The Tama region is situated in western Tokyo. It lies outside of Tokyo’s 23 wards, and is comprised of 30 cities, towns and villages with a total population of about 4.3 million.
This place, adjacent to all the conveniences of the big city, boasts an array of diverse and distinctive facets.
The development of transportation facilities came to represent the face of the city. Despite its status as one of the world’s biggest cities, Tokyo is surprisingly rich in natural features.
The history and traditions of the area have been developed over many centuries. The produce grown in the soils of the region is actively utilized to create a variety of dishes that are gentle on the stomach.
The many that people live, work, and socialize in the area bring a variety of flavors to the Tama region in Tokyo.
The Another TOKYO TAMA project seeks to share the charm of the Tama region with the rest of Japan, eventually expanding to include the rest of the world.
There are many unique accommodations in the Tama area, which has urban areas and mountainous areas. For example, the latest city hotel designed for business trips. For example, an old quaint inn that makes use of tourism resources in the mountains. A place where cutting-edge and history merge in spite of the big city of Tokyo. That is the characteristic of the Tama area. From accommodations that meet a wide variety of needs, we will introduce 3 selected facilities and recommended spots in the surrounding area.
The Tama area was once known as a region where textile production was thriving. During the Edo period, many farmers raised silkworms, and it is said that cocoons and textiles were valuable cash income. A woven fabric called Ome stripe was produced in the Edo period and became famous all over the country. When textiles prosper, dyeing products that dye threads and silk are inevitably required. A result, its own dyeing culture in the Tama region has evolved. Please touch on the three dyeings that still remain, their techniques, and their "Chic". In honor of the craftsmen who have preserved and inherited the culture here for over 100 years.
In the Tama area, rich in nature, there are several mountains that are the objects for mountain worship. The typical examples are Mitake-san Mountain in Ome City and Takao-san Mountain in Hachioji City. Mitake-san Mountain, which is easily accessible from central Tokyo and is visited by more than 400,000 tourists annually, is famous for the Musashi-Mitake-Jinja Shrine near the summit and Shukubo (pilgrim’s lodging) run by the priest of the shrine.
Since the Edo period, wheat has been the chief crop of the historic Musashino plateau. In those days, homemade, hand-stretched udon, made from wheat, graced the tables of many families. Udon was an important regional cuisine, especially during events where people gather together, like Obon, the New Year, and other important familial ceremonies.
There are many trees in the Tokyo Tama area, so we can enjoy their seasonal colors no less than spring flowers. From the end of October to November every year, the Ginkgo planted in rows begin to turn along with the trees on the mountains, changing color to yellow and red. Many events suited for this season make for a lively time as the town changes color before the cold winter sets in. Why don’t you find your favorite autumn color in Tama while visiting parks, temples, shrines, and the mountains?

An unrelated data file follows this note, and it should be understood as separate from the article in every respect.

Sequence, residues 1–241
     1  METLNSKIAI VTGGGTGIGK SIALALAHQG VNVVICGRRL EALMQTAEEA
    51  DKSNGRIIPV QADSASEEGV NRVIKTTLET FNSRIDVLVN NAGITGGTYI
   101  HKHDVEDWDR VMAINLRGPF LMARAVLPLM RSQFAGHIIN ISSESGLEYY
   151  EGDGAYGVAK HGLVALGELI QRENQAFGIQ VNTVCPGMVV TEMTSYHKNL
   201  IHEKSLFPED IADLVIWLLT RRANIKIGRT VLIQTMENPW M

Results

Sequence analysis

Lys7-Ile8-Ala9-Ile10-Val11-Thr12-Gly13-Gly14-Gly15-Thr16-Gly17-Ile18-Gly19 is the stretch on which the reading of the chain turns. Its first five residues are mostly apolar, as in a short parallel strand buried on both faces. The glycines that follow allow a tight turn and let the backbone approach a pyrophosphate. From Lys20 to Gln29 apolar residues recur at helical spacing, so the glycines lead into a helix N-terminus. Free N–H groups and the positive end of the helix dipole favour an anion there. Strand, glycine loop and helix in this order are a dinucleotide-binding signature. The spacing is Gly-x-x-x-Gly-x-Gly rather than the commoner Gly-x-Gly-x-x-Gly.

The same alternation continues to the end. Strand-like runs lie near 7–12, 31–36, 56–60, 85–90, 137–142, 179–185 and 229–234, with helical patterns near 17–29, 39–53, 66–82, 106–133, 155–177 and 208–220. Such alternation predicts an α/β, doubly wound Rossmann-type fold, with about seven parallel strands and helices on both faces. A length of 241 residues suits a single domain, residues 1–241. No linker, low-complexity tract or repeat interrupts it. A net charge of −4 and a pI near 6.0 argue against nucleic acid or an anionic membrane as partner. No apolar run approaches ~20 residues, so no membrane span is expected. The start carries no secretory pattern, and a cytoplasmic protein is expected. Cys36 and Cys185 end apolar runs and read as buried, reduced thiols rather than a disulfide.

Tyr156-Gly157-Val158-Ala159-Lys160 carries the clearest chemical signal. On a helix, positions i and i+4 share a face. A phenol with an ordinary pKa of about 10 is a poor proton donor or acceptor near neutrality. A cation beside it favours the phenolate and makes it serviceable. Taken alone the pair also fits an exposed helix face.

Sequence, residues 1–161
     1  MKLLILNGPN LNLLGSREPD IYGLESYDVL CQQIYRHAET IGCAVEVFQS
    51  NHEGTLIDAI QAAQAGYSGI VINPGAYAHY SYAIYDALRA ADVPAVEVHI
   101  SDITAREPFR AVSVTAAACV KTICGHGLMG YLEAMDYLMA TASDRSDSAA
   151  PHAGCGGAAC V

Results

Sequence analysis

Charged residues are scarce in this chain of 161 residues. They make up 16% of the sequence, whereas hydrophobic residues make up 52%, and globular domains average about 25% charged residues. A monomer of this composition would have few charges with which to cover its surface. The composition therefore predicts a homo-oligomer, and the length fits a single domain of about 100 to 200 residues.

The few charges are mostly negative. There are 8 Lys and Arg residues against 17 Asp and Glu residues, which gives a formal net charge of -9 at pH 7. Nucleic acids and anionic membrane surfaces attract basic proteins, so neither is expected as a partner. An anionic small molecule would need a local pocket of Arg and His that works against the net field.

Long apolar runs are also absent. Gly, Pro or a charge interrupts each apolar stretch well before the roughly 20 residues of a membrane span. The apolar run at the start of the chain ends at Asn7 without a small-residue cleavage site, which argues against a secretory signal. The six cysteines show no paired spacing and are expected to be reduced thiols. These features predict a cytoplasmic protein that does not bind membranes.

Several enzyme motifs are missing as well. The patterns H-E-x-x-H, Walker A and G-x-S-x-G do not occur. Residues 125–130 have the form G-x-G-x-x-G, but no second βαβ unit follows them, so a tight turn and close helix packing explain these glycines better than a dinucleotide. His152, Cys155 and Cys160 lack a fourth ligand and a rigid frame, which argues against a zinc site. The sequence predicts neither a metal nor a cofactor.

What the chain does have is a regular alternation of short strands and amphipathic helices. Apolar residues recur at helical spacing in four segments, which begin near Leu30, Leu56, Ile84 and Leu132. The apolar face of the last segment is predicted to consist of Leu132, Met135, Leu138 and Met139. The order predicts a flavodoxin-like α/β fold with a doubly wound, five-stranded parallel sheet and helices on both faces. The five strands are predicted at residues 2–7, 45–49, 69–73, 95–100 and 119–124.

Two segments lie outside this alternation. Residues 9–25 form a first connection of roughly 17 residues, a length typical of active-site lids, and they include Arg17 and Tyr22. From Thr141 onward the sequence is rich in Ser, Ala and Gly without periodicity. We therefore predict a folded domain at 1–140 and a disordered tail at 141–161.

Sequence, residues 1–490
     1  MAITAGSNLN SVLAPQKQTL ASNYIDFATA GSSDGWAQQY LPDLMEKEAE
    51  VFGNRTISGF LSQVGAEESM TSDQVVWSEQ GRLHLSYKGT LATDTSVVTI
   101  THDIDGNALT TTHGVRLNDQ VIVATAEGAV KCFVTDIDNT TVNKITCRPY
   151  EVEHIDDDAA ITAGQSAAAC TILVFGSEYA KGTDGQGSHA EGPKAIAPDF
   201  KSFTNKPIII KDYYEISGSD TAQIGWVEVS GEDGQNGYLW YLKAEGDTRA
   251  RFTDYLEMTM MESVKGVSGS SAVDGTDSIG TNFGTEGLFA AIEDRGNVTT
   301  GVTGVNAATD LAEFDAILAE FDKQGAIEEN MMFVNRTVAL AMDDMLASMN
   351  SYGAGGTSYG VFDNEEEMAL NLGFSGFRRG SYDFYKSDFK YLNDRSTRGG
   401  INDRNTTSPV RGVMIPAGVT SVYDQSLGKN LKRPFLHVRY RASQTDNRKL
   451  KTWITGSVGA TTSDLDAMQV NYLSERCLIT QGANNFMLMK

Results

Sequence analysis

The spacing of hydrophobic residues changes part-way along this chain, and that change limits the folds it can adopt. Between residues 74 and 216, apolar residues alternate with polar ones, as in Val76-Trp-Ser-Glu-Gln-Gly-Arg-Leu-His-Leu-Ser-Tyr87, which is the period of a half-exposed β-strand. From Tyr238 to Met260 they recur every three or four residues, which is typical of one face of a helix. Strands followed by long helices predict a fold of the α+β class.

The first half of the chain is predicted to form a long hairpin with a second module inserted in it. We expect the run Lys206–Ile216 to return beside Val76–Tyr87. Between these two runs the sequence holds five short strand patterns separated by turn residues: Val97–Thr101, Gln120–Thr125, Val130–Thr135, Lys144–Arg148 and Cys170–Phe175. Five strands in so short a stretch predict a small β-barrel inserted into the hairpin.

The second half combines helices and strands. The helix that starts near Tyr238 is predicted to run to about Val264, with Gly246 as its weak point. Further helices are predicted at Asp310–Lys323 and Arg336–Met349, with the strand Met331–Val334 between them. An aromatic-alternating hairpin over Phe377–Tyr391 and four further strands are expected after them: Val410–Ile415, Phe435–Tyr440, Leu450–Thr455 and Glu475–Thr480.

The area containing Okutama and the upper basin of the Akigawa River is in the mountains on the west side of the Tamagawa River, which runs into Tokyo Bay after converging with many of its tributaries. This area is close to the source of the Tamagawa River and retains its rich natural environment.
There are many spots where you can enjoy cherry blossom-viewing in the Tama area with its rich natural amenities. When spring comes, seasonal flowers bloom, especially those on the cherry trees. This beautiful scenery is enjoyed by crowds of many cherry blossom-viewers.
Since the start of the Kansei Reforms in 1787, many Sake breweries were born throughout the Tama region through the encouragement of the shogunate. After all is said and done, the appeal of Sake made in the Tama region is that it is brewed with quality groundwater. And it is also attractive to be able to collect brands of rare and valuable Sake that have been selected by Tokyo that is a large city. There are so many varieties of Sake that even habitual drinkers don’t get bored.
Held throughout Japan, there is a variety of large and small festivals. It is said that there are between 100,000 to 300,000 festivals held in Japan. The word "Matsuri" (festival) originates from the word "Tatematsuru," which refers to being in the service of blessed existence.
The Hachioji textile industry that flourished in the city made it a focal point for the merchant class's social activities. Various Japanese eating establishments sprang up as a result, and Geisha were employed to welcome guests with song and dance. The hospitality industry resulted in the flourishing of the city's Geisha culture. At its peak, some 200 plus Geisha worked in the Nakamachi area.
The Tamagawa river is a first-class river crossing the Tokyo metropolis, and Yamanashi and Kanagawa Prefectures. It is hard to believe that such clear waters flowing down through mountains from their source are to be found in Tokyo. The surrounding nature shows off its beauty throughout the four seasons. The varied currents and natural valleys with springs up water are host to a number of businesses offering a variety of river activities.